Lithium oxide

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Lithium oxide
Lithium-oxide-unit-cell-3D-balls-B.png
Names
IUPAC name
Lithium oxide
Other names
Kickerite
Identifiers
12057-24-8 YesY
ChemSpider 145811 YesY
Jmol-3D images Image
PubChem 166630
RTECS number OJ6360000
Properties
Li
2
O
Molar mass 29.88 g/mol
Appearance white solid
Density 2.013 g/cm3
Melting point 1,438 °C (2,620 °F; 1,711 K)
Boiling point 2,600 °C (4,710 °F; 2,870 K)
reacts violently to form LiOH
log P 9.23
1.644 [1]
Structure
Crystal structure Antifluorite (cubic), cF12
Space group Fm3m, No. 225
Tetrahedral (Li+); cubic (O2−)
Thermochemistry
1.8105 J/g K or 54.1 J/mol K
37.89 J/mol K
-20.01 kJ/g or -595.8 kJ/mol
-562.1 kJ/mol
Hazards
Main hazards Corrosive, reacts violently with water
EU Index Not listed
Flash point Non-flammable
Related compounds
Other anions
Lithium sulfide
Other cations
Sodium oxide
Potassium oxide
Rubidium oxide
Caesium oxide
Related lithium oxides
Lithium peroxide
Lithium superoxide
Related compounds
Lithium hydroxide
Except where noted otherwise, data is given for materials in their standard state (at 25 °C (77 °F), 100 kPa)
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Infobox references

Lithium oxide (Li
2
O) or lithia is an inorganic chemical compound. Lithium oxide is formed along with small amounts of lithium peroxide when lithium metal is burned in the air and combines with oxygen:[2]

4Li + O
2
→ 2Li
2
O
.

Pure Li
2
O
can be produced by the thermal decomposition of lithium peroxide, Li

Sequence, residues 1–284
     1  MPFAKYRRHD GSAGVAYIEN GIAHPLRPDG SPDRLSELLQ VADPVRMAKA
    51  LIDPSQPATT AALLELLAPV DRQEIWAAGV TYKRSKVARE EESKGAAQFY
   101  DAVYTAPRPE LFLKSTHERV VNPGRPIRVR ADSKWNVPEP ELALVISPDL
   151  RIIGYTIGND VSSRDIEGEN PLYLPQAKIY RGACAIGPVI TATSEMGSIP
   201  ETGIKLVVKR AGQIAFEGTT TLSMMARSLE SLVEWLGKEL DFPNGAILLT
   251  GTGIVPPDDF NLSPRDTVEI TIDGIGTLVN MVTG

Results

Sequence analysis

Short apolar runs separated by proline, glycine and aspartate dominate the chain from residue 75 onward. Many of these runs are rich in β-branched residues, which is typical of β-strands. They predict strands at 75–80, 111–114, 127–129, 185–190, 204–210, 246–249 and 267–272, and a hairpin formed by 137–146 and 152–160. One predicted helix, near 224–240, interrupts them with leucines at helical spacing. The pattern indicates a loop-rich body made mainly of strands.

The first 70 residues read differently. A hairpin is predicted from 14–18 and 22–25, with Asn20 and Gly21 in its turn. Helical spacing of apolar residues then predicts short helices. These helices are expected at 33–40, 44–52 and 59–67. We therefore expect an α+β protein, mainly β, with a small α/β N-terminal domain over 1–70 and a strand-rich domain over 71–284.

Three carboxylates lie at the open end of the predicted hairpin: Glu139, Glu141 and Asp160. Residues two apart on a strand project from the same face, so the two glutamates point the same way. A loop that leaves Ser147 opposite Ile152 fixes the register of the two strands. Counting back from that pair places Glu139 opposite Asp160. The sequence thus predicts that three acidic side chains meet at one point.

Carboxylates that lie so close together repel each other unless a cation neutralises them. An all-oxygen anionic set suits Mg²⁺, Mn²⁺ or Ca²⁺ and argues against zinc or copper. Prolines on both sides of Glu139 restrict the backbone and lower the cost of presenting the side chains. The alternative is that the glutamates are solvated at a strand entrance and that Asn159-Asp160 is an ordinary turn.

2
O
2
, at 450 °C[2]

2Li
2
O
2
→ 2Li
2
O
+ O
2

Structure[edit]

In the solid state lithium oxide adopts an antifluorite structure which is related to the CaF
2
, fluorite structure with Li cations substituted for fluoride anions and oxide anions substituted for calcium cations.[3] The ground state gas phase Li
2
O
molecule is linear with a bond length consistent with strong ionic bonding.[4][5] VSEPR theory would predict a bent shape similar to H
2
O
.

Uses[edit]

Lithium oxide is used as a flux in ceramic glazes; and creates blues with copper and pinks with cobalt. Lithium oxide reacts with water and steam, forming lithium hydroxide and should be isolated from them.

Its usage is also being investigated for non-destructive emission spectroscopy evaluation and degradation monitoring within thermal barrier coating systems. It can be added as a co-dopant with yttria in the zirconia ceramic top coat, without a large decrease in expected service life of the coating. At high heat, lithium oxide emits a very detectable spectral pattern, which increases in intensity along with degradation of the coating. Implementation would allow in situ monitoring of such systems, enabling an efficient means to predict lifetime until failure or necessary maintenance.

Lithium metal might be obtained from lithium oxide by electrolysis, releasing oxygen as by-product.

See also[edit]

References[edit]

  1. ^ Pradyot Patnaik. Handbook of Inorganic Chemicals. McGraw-Hill, 2002, ISBN 0-07-049439-8
  2. ^ a b Greenwood, Norman N.; Earnshaw, Alan (1984). Chemistry of the Elements. Oxford: Pergamon Press. pp. 97–99. ISBN 0-08-022057-6. 
  3. ^ Zintl, E.]]; Harder, A.; Dauth B. (1934). "Gitterstruktur der oxyde, sulfide, selenide und telluride des lithiums, natriums und kaliums". Zeitschrift für Elektrochemie und Angewandte Physikalische Chemie 40: 588–93. 
  4. ^ Wells A.F. (1984) Structural Inorganic Chemistry 5th edition Oxford Science Publications ISBN 0-19-855370-6
  5. ^ A spectroscopic determination of the bond length of the LiOLi molecule: Strong ionic bonding, D. Bellert, W. H. Breckenridge, J. Chem. Phys. 114, 2871 (2001); doi:10.1063/1.1349424

External links[edit]